Extinctions: How Life Survives, Adapts and Evolves

Michael J Benton
Thames & Hudson, £25.00

This is a brilliant account by a world-leading professor of palaeontology of the 4.5-billion-year history of the Earth stretching through to the Oligocene and the present day. The focus is on the various extinction events that have changed the biodiversity of the planet.

In the current situation of global warming, acid rain, ocean acidification and erupting volcanoes, more events could happen, so it is a salutary lesson for us to learn from extinctions of the past.

There are 28 excellent plates, mainly in colour, and some very good diagrams. The narrative is extremely clear on what is a gripping story. This is perhaps not surprising from someone who has written more than 50 books with the same publisher, and gives TED talks and YouTube presentations.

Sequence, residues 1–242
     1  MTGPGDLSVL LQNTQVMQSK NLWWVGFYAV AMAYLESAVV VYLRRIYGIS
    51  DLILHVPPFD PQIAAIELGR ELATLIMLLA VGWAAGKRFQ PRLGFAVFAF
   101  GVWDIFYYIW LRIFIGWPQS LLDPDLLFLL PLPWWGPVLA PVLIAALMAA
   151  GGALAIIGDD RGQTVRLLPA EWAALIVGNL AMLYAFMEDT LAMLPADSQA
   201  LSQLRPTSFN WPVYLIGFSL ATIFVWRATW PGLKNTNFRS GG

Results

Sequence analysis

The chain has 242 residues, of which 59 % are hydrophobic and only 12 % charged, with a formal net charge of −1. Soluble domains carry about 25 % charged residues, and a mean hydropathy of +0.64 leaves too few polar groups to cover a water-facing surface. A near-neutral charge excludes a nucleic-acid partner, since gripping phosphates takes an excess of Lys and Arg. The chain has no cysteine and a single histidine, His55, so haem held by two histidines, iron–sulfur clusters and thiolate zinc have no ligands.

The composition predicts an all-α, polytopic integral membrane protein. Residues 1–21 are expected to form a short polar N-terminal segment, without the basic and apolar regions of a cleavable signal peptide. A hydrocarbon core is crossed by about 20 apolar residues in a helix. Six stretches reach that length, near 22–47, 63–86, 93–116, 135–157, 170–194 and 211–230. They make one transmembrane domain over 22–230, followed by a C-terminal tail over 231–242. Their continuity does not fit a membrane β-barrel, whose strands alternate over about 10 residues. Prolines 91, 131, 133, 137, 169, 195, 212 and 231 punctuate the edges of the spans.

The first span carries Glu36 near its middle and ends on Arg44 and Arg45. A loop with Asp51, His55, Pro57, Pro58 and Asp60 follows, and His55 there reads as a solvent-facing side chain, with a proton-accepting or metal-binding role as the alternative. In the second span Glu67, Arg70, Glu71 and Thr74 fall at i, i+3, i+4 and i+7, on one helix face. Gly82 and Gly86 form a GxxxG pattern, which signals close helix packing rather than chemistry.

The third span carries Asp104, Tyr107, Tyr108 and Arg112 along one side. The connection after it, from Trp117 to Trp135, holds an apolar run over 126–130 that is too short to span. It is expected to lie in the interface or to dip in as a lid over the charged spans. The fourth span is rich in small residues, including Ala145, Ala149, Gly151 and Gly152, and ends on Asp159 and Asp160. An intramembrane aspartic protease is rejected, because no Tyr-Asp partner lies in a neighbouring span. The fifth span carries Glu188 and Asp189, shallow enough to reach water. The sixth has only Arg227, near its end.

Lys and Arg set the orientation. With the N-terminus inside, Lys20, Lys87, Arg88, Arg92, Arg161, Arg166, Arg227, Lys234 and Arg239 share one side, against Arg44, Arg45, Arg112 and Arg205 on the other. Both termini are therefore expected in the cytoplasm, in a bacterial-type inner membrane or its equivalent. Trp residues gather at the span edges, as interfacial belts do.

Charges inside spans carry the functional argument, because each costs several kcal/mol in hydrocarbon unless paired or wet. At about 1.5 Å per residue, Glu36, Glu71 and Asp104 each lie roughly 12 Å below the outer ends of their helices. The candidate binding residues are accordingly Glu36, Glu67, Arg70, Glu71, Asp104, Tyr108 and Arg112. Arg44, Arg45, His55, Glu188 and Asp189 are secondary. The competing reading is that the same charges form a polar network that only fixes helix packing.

Highly complementary to the current BBC television series Earth, narrated by Chris Packham, it is made clear that biology, chemistry and physics are crucial to our understanding of environmental cataclysms.

My only possible quibble as a microbiologist is that it gives very little attention to the parts played by bacteria and algae in evolution, which can be evidenced from their chemical marker analysis in ancient sediments. However, that information is available elsewhere and it should not detract from this excellent account, which is complemented by a useful bibliography for each chapter.

Professor Jim Lynch OBE FRSB